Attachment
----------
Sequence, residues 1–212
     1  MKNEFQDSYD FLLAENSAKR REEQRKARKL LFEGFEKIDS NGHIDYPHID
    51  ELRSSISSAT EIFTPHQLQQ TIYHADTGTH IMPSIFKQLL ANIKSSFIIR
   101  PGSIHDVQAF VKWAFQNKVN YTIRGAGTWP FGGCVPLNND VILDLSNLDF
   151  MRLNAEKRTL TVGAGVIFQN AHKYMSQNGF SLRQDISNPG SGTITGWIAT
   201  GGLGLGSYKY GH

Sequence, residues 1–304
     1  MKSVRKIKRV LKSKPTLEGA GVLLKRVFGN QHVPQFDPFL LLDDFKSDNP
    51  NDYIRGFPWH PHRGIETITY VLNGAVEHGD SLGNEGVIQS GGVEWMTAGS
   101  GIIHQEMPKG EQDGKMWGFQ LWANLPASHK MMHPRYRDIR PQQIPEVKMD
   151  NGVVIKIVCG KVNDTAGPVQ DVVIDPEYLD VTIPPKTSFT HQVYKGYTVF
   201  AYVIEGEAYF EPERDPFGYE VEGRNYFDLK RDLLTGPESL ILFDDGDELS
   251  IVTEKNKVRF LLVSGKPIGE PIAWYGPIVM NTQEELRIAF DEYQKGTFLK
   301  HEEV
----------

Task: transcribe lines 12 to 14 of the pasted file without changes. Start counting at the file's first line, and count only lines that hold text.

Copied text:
   201  AYVIEGEAYF EPERDPFGYE VEGRNYFDLK RDLLTGPESL ILFDDGDELS
   251  IVTEKNKVRF LLVSGKPIGE PIAWYGPIVM NTQEELRIAF DEYQKGTFLK
   301  HEEV